The Faculty of Arts of Aarhus Universitet has uploaded videos of four full conferences from the past Sound Art Matters Conference 2016, covering sound art from different approaches. The lectures can be found here:
Sound Art Matters, Full Lectures by Brian Kane, Frances Dyson, Wolfgang Ernst and Cathy Lane
In her talk on Art: Sound: Matter Frances Dyson explores current relations between “art”; “sound,” and “matter”, and discusses some of the discursive and aesthetic contributions that sound makes to the broader cultural and eco-political fields. The talk offers some speculations on an aurally inspired understanding of what matters, and how to know what matters.
In his Listening to Sonic Expressions with Media-Archeological Ears Wolfgang Ernst addresses “implicit sonicity” – sound in its temporal form – in order to reveal the hidden epistemological implications of sound itself. ”The almost immaterial sonicity of electro-magnetic waves make “sound matters” not simply a phenomenon in acoustic culture but a fundamental event of being-in-the-world.” Ernst analyses the asymmetrical relation between “sound” (as signal event) and “music” (as code) – which is turned upside down with “digital” sound which is the mathematization of sonic matter, and asks if the current interest in sound is “post-digital” nostalgia for vibrational matter? He believes it is techno-logical analysis (such a spectrography and Fast Fourier Analysis) which has a better “understanding” of sound matters than human hearing itself.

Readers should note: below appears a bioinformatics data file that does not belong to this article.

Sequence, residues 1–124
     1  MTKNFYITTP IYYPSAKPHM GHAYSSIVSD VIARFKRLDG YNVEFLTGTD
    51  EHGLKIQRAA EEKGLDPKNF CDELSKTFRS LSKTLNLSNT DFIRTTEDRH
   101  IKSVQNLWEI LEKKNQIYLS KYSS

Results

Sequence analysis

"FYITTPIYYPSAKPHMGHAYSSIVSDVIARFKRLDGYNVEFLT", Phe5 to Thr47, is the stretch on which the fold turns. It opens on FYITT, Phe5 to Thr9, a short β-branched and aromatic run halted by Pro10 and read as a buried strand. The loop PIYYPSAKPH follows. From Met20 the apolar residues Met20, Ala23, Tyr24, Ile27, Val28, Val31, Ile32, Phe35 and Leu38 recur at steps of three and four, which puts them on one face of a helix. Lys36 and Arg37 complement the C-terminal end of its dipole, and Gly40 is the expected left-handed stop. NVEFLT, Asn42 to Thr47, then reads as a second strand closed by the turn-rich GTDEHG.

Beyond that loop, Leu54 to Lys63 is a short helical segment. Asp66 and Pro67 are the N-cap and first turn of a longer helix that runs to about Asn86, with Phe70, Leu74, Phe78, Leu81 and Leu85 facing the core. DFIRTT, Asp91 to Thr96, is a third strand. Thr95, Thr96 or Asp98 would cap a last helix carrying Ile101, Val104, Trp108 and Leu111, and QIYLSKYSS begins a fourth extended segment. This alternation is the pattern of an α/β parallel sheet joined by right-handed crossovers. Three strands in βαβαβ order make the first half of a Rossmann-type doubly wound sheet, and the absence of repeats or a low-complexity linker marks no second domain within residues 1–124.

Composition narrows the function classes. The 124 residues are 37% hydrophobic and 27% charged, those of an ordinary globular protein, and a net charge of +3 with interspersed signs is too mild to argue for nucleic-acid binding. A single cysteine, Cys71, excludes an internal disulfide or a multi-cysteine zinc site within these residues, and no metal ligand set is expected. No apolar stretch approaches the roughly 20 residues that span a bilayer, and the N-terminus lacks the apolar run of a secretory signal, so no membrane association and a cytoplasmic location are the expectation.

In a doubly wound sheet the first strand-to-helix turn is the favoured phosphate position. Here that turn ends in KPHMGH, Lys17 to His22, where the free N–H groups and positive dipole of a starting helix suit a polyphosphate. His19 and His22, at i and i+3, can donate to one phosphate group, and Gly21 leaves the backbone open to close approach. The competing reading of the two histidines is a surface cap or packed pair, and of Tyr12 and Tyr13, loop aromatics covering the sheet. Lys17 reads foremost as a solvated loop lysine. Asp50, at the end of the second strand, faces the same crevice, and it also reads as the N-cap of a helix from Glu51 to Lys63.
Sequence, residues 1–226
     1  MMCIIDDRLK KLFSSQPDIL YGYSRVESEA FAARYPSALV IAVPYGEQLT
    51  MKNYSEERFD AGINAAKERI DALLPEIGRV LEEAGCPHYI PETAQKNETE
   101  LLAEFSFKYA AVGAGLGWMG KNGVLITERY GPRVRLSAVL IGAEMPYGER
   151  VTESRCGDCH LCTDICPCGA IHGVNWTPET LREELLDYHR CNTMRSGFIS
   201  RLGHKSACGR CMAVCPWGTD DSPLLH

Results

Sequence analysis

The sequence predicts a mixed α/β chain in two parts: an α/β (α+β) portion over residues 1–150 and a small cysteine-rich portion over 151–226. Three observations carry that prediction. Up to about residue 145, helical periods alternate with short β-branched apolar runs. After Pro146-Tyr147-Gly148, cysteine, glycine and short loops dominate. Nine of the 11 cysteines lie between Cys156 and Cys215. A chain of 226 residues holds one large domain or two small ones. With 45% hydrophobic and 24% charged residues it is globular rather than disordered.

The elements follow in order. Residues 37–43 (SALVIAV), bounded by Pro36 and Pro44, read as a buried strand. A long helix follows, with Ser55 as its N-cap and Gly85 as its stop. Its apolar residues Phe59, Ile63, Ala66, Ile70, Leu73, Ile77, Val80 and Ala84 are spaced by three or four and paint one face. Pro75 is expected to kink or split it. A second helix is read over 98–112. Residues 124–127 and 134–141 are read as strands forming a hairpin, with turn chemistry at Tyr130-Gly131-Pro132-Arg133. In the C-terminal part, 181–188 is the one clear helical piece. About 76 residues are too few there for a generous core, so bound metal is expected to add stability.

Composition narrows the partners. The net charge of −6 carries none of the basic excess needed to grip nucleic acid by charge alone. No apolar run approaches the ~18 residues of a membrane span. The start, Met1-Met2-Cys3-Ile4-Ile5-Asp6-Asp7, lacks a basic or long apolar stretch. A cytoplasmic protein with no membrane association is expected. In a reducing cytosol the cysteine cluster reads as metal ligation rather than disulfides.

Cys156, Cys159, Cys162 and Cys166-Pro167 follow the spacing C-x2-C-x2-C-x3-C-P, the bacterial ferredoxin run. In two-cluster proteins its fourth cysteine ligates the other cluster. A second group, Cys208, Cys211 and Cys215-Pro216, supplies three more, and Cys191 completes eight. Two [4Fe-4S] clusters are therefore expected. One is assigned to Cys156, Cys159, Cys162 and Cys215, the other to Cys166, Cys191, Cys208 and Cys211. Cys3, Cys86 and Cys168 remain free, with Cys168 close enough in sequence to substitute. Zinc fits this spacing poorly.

In her lecture Why Not Our Voices? New Listening and New Worlds in the Sonic Imaginary? Cathy Lane makes the questions: Are sound artists taking up the challenge of offering new ways of knowing or changing the world, and can sound art act as tools for radical change by ‘de-conditioning’ our listening? The presentation considers how a new listenings might lead to a richer more inclusive sound art that can embrace and celebrate difference.
Brian Kane‘s Twilight of the Sound Object deals with Pierre Schaeffer, the inventor of musique concrète, but rather than trying to reconfigure Schaeffer’s ideas to fit the changing demands of contemporary music or sound art, Kane aims to listen to the archive of early musique concrète anew, not for its aesthetics but rather its kinetics: the bodily gestures and kinaesthetic sensations of composers, engineers, and technicians, as they worked with the technology in the studio. Kane believes paying attention to the kinetics of musique concrète discloses unexamined networks of techniques, practices, and historical relations between various forms of electronic music (avant-garde and popular) and sound art.